And while the Flex 5 might not be as svelte as the Asus Flip C436F, it makes up for it with connectivity, fitting in a USB 3.1 Type-A port as well as the USB 3.1 gen 1 Type-C ports you’ll find on either side. Lenovo has even placed a volume rocker and an on/off button on the right-hand side, which definitely helps when you’re watching films in tablet mode and want to quickly turn the volume up or down. It’s also one of the cheaper Chromebooks we’ve seen with 802.11ax Wi-Fi in a 2x2 MIMO configuration, not to mention Bluetooth 5.

READ NEXT: Asus Chromebook C423 review

Lenovo IdeaPad Flex 5 Chromebook review: Keyboard and touchpad

Lenovo laptops – including its Chromebooks – tend to have good keyboards and, while the Flex 5 doesn’t have a ThinkPad-level effort, its 1.4mm travel and positive action mean it’s a treat to type on. The keys are nicely spaced, with no nasty surprises in the layout, and the body holds firm as you type, even in the centre. You could comfortably use it as your main work device, which isn’t something you can say about every convertible.

The touchpad is nothing special in terms of size or materials, but it works flawlessly when recognising swipes and taps, multi-finger gestures or left- and right-clicks. And you can always tap the touchscreen, whether or not you’re in tablet mode.

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Lenovo IdeaPad Flex 5 Chromebook review: Display and sound

The screen is another sure sign of a Chromebook that punches above its price tag, with a 300cd/m² maximum brightness, 99.1% sRGB coverage and a low Delta E of 1.96. Its gloss coating isn’t quite as reflective as the Acer’s, making it a better bet in bright sunlight, and with a Full HD resolution stretched across the 13.3in display, it’s impressively crisp and clear. Games and movies look great, and there’s enough space for multitasking or working with more complex productivity apps.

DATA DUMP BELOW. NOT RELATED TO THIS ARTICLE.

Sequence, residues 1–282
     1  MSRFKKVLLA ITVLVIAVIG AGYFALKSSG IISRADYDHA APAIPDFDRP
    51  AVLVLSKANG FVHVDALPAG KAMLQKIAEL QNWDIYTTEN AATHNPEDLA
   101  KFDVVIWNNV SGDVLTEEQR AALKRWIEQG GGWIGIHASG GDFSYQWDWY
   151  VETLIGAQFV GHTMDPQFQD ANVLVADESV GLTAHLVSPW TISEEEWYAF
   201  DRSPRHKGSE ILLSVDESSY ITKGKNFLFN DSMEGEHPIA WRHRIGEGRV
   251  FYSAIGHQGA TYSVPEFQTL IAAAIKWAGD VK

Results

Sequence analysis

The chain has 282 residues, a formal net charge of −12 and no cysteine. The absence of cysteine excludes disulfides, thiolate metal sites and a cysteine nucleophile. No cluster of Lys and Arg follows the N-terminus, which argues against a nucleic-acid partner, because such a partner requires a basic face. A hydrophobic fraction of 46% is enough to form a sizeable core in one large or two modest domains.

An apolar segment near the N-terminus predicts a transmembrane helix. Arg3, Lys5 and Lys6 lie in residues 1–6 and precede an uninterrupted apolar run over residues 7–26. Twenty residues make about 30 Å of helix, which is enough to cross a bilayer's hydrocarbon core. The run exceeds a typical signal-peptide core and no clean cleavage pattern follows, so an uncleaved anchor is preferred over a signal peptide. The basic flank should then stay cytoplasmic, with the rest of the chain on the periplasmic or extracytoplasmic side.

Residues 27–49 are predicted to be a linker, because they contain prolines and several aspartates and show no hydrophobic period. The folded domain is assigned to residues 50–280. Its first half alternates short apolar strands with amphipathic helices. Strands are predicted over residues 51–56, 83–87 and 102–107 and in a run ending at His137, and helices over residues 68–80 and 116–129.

The same can’t be said about the audio, which suffers from little bass, a harsh treble and a boxy, congested mid-range. You might want to connect some headphones if you’re planning to watch movies or play Stadia games.

READ NEXT: Asus Chromebook C233 review

Lenovo IdeaPad Flex 5 Chromebook review: Performance and battery life

Still, there’s nothing second-rate about the Flex 5’s performance. With a Core i5-10210U processor and 8GB of DDR4 RAM, it matches substantially more expensive Chromebooks in our benchmarks. It came within touching distance of the fastest Chromebooks from HP and Dell in the CRXprt benchmark and beat all but the HP in our multitasking tests. It’s only just behind the Acer Chromebook Flip C436F in the Geekbench 5 multithreaded performance tests. What’s more, with a 128GB M.2 SSD rather than the usual eMMC flash storage, it’s well equipped to handle Android apps and Linux applications at decent speeds.

Here’s more good news: you won’t find yourself reaching for the charger too often, as the Flex 5 also has some serious stamina. We didn’t quite make 12 hours before it ran out of power, but 11hrs 9mins should see you through the working day.

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Lenovo IdeaPad Flex 5 Chromebook review: Verdict

This isn’t the fastest or the flashiest Chromebook, but it’s speedy, well built and feature-packed, with a great screen and a very practical design. It’s a great, hard-working Chromebook at a very affordable price. If you’re looking for a workhorse that can handle a little entertainment on the side, you won’t find much better for the money.